ii. This follows R. Elazar's view that the world
was created in Tishrei.
(d) Question: How do we know that this occurs in Tishrei?
(e) Answer: From the cited Pesukim.
3) THE JUDGMENT OF THE WORLD
(a) (Beraisa) The Pasuk states that "It is a law for
Yisrael" and then it states that "It is a judgment for
the G-d of Yakov" - this teaches that the Heavenly
Court sits in judgment only after Beis Din have
sanctified the new month.
4) THE ROSH HASHANAH FOR SHEMITAH
(b) (Another Beraisa): "It is a law for Yisrael" only
teaches that there is judgment for Jews; "It is a
judgment for the G-d of Yakov" teaches that there is
also judgment for all nations.
1. Question: Why, then, does it need to say "It is a
law for Yisrael" (seeing as Jews would anyway be
included in the second phrase)?
2. Answer: To teach that the Jews enter judgment
first, in accordance with R. Chisda:
i. (R. Chisda) A king is judged before the
ii. Question: Why is this so?
iii. Answer #1: It isn't respectful for him to
have wait in line.
iv. Answer #2: He should be judged before the
judge grows too angry.
(a) Question: How do we know that the Shemitah begins on
the first of Tishrei?
5) THE ROSH HASHANAH FOR YOVEL
(b) Answer: Shemitah is called "the seventh year" and is
connected (by way of Gezerah Shavah) with a reference
1. Question: Why not connect to Nisan?
2. Answer: We should learn the occurrence of the word
"year" without any mention of months from the same
thing, rather than learn it from the occurrence of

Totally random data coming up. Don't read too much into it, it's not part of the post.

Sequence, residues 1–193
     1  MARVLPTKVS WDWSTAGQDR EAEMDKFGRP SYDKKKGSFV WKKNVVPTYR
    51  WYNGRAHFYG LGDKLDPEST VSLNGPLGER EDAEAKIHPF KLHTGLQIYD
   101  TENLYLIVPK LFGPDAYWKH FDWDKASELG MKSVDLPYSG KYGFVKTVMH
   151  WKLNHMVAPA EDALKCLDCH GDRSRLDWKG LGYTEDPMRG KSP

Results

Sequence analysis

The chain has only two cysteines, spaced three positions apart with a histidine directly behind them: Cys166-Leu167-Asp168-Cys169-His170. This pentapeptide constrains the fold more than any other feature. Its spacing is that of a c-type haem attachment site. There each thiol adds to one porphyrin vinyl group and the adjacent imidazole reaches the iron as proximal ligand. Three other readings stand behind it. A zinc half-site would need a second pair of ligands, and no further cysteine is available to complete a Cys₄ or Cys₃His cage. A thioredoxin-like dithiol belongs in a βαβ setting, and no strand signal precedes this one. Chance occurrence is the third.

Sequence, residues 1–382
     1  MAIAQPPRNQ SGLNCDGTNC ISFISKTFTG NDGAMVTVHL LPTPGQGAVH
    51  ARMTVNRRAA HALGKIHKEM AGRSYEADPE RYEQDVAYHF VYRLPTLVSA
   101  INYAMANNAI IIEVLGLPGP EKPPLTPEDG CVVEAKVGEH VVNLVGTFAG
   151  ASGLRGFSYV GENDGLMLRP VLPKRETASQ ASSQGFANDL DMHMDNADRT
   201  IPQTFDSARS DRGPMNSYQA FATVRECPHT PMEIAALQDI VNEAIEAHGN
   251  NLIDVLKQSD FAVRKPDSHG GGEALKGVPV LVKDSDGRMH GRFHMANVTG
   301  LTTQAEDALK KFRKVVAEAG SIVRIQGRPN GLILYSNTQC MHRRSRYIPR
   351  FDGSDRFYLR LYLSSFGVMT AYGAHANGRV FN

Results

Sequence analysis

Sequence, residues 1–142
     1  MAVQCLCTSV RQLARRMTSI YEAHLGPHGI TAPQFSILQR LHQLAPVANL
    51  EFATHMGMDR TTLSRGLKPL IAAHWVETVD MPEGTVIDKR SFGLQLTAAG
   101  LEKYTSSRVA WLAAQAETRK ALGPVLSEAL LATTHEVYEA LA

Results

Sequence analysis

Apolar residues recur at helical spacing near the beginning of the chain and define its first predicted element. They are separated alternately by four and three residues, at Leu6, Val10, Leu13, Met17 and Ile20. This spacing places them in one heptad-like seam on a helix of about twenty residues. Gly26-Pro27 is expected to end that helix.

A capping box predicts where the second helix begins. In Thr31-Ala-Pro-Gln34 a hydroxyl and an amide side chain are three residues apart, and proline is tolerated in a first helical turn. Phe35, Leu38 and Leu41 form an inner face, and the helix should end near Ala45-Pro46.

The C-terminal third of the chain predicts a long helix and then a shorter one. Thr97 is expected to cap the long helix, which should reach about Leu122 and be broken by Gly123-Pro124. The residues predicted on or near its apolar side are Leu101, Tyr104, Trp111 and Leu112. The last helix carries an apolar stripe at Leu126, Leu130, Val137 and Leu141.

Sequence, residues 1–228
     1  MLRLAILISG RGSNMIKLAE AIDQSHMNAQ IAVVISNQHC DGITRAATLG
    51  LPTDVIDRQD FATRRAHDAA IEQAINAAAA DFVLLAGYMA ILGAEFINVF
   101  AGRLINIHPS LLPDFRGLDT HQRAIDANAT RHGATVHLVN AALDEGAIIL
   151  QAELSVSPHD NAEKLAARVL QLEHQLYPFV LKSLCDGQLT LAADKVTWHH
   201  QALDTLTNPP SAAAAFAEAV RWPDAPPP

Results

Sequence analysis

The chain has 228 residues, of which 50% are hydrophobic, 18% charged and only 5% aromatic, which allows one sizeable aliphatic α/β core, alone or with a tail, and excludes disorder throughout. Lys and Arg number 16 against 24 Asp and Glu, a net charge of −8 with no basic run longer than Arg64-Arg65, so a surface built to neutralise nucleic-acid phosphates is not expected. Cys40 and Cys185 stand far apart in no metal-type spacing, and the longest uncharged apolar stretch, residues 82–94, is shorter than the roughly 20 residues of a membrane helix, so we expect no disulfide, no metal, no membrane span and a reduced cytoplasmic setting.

the word in connection to the months.
(a) Question: Surely the new year for Yovel is on the tenth
of Tishrei, not the first?
(b) It follows the view of R. Yishmael b. R. Yochanan b.
Beroka in a Beraisa:
1. Question: Why does the Torah state that "the
fiftieth year should be consecrated" (seeing as we
have already been told that Shemitah follows the
(c) The Rabbanan use the word "year" to teach that only
years are consecrated with a proclamation, and not new
2. Answer: To teach that the whole year is
sanctified, from the first of Tishrei, and not
from Yom Kipur, when the Shofar is blown.
3. (R. Yishmael b. R. Yochanan b. Beroka) Therefore,
although servants weren't released home during the
first ten days of Tishrei, they also weren't
enslaved to their masters (and sent home on Yom
Kipur, when the fields were returned).
(d) (Beraisa) Question: What do the words "It is Yovel"
(e) Answer: As follows:
1. From the words "the fiftieth year should be
consecrated" one might think that just as the
beginning of Shemitah extends from the first to
the tenth of Tishrei, so too the end extends to
the tenth of Tishrei of the following year.
(f) The Rabbanan (who did not learn that Shemitah was
extended back, and therefore do not need "It is Yovel"
to teach that it shouldn't be extended into the next
year), use "It is Yovel" to teach that the fiftieth
year is counted as Yovel alone, and not as both Yovel
and as the first year of the next cycle.
2. The extension beyond the duration of a year is not
unusual, as we add from non-holy to holy
time-periods in order to lengthen them.
3. Therefore the Torah states that "It is Yovel" -
it, and not the 51st year.
(g) This excludes the view of R. Yehudah, who holds that
it is also counted as the first year of the next 50-